The Earthworker Cooperative is a community-led initiative addressing two significant problems; the stark reality of climate change, and a lack of secure, dignified work in sustainable industries. Earthworker is responding to these issues by setting up an Australia-wide network of community-owned cooperatives in sustainable industries. This is beginning with Eureka’s Future – a worker-owned factory manufacturing high-quality solar hot water systems in Morwell, Victoria, in the heart of Australia’s coal-dominated Latrobe Valley.
The project is one attempt to move beyond the oftentimes paralysing jobs vs environment dichotomy. Forging unlikely alliances between trade unions, environmentalists, small manufacturers, power-station workers, and faith groups, the project is a powerful endeavour to revitalise local economies, address climate change, and assist a ‘just transition’ to clean renewable energy. While many acknowledge the need to move away from coal and towards sustainable industries, Earthworker is providing a tangible means to do this, while ensuring no one is left behind.
Right now, Earthworker is supplying high-quality Solar Hot Water Systems to the community through partnerships with small-manufacturers. These systems are affordable, and are appropriate for both owners and renters. It now has a window of opportunity to transform one of its small manufacturing business partners, Everlast, into the first worker-owned solar hot-water manufacturing cooperative; ‘Eureka’s Future’. The project needs a leg-up in the short-term to get to this next stage.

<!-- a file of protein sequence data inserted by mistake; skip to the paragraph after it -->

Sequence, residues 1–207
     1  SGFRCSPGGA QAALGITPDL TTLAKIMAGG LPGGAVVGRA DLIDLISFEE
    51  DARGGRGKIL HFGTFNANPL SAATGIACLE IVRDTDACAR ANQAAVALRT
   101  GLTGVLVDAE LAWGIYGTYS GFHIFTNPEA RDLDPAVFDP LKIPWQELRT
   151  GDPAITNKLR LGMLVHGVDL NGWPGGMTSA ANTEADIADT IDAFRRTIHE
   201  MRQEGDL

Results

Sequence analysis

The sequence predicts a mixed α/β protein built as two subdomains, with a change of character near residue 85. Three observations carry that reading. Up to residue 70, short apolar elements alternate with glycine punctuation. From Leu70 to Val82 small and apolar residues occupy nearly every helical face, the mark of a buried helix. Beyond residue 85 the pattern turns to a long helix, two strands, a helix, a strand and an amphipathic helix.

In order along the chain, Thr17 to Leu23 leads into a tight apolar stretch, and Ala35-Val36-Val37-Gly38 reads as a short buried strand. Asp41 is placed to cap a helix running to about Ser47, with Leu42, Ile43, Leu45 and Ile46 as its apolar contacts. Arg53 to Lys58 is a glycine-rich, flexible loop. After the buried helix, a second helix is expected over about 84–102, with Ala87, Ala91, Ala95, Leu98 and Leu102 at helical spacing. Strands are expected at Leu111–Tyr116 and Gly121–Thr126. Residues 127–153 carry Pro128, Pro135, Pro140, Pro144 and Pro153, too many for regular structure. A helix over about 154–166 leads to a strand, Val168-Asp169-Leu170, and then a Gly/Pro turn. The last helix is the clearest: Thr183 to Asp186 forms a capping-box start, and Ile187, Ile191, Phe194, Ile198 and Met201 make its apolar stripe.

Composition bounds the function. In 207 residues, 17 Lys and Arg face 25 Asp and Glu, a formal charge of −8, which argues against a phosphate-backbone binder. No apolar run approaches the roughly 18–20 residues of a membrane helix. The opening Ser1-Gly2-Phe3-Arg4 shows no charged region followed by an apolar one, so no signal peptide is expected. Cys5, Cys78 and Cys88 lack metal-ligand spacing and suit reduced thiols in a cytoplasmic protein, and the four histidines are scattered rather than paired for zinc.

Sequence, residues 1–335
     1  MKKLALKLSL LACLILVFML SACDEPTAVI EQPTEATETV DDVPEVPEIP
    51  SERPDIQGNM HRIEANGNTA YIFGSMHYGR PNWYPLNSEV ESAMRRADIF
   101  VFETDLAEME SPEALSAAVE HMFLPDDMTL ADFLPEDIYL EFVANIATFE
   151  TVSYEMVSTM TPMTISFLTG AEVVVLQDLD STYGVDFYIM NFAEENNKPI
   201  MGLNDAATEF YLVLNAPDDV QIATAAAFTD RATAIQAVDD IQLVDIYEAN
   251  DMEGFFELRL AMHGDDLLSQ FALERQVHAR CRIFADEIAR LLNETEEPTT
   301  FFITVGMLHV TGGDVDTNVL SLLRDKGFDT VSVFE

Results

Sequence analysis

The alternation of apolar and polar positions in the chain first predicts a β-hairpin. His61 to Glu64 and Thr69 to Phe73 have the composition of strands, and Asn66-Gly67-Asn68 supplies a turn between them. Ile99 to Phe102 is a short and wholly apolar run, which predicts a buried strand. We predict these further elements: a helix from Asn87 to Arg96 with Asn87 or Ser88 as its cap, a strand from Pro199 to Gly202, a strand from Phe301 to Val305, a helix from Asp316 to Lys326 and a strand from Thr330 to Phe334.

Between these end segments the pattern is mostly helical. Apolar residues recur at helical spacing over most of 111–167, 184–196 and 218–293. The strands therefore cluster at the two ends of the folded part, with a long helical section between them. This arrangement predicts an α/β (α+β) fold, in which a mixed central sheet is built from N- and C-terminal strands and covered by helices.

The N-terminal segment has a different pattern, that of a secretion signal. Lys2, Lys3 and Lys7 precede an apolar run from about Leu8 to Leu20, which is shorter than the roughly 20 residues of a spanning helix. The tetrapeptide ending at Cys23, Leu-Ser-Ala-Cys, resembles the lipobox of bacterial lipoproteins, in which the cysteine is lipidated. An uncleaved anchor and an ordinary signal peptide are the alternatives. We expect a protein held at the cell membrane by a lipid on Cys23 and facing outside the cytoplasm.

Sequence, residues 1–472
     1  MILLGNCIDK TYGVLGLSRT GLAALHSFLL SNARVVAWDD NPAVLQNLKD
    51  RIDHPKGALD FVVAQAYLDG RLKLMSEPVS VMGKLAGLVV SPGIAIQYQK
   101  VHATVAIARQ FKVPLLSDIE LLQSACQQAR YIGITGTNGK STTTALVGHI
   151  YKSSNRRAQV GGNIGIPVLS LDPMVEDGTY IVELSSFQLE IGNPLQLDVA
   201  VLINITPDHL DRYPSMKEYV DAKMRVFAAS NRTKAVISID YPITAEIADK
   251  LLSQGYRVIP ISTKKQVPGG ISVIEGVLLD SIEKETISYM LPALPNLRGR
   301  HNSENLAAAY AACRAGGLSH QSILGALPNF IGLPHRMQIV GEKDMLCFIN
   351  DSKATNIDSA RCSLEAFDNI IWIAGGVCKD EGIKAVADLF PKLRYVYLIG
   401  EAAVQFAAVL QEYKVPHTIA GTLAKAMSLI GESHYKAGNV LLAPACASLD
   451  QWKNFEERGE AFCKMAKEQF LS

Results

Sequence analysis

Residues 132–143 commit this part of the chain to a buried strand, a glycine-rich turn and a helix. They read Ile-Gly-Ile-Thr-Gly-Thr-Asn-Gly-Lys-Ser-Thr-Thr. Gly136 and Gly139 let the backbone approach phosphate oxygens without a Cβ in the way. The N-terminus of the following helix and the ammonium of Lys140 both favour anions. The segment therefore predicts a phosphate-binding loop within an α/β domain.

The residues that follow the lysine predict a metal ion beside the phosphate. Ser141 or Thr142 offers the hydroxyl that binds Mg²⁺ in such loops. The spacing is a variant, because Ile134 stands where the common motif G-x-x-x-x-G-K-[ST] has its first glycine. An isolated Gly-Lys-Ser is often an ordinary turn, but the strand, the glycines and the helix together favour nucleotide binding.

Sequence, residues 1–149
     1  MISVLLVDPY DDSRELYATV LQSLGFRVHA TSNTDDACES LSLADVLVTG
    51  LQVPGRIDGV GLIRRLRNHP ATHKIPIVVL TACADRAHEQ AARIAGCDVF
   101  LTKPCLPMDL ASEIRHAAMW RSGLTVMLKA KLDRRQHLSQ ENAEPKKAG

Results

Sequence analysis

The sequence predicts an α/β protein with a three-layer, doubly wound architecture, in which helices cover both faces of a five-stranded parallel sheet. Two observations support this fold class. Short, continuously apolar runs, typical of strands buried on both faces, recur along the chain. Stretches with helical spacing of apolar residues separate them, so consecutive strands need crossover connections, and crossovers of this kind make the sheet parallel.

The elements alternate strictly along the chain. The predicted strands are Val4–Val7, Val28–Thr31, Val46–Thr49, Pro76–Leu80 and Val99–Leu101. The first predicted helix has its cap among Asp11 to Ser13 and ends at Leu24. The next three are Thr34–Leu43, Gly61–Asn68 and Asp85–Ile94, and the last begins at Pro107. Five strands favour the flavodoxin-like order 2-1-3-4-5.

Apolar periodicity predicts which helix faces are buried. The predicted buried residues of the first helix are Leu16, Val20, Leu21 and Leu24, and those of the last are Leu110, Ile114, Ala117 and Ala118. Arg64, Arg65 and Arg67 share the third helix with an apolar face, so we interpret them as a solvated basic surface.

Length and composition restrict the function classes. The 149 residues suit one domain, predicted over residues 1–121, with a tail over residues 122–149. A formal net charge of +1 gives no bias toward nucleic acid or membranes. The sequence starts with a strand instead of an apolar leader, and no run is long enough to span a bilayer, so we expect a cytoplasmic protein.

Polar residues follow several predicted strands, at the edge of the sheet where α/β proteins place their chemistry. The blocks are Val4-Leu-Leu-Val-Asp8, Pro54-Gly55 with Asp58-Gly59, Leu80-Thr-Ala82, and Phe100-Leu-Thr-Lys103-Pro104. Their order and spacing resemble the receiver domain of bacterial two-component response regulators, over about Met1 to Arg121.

There is now a crowdfunding campaign running through startsomegood.org/earthworker to ensure the project can take advantage of this opportunity. In five days it has raised over $18,000. There is a ‘tipping-point’ of $63,000, with an ultimate goal of $250,000. Through the capital raised in the campaign, Earthworker is aiming to buy-out the small-manufacturing business, Everlast, and see the worked-owned factory, Eureka’s Future, open its doors in the La Trobe Valley. There are two ways people can contribute to the crowdfund; buy a solar hot-water system (or put a deposit on a system), and/or donate.
Earthworker sits at the confluence of several opportunities and crises, as is evident from the groups and individuals that are standing with the project (not many projects have letters of support from both the Mining Trade Union, and direct-action environmental group Quit Coal).
Vitally, the project is one means by which workers and communities can start responding to the problems we are facing, and start deciding what is produced, and how it is produced, ourselves. A catchcry for the project is we don’t have time to wait for government and business. We can act where they have failed.
When the factory in Morwell is running, Earthworker aims to replicate the tactic across Australia, and eventually link up over national borders with similar project in other countries. Other regions in Australia have shown interest in setting up future cooperatives. In particular, in areas where coal is currently the primary means by which people earn a wage and meet their needs, many people are hungry for these alternatives. But first, Earthworker needs support to get the initial factory up and running. Only by many people deciding to invest in the project will it succeed. It will be built from below, and it will be run from below.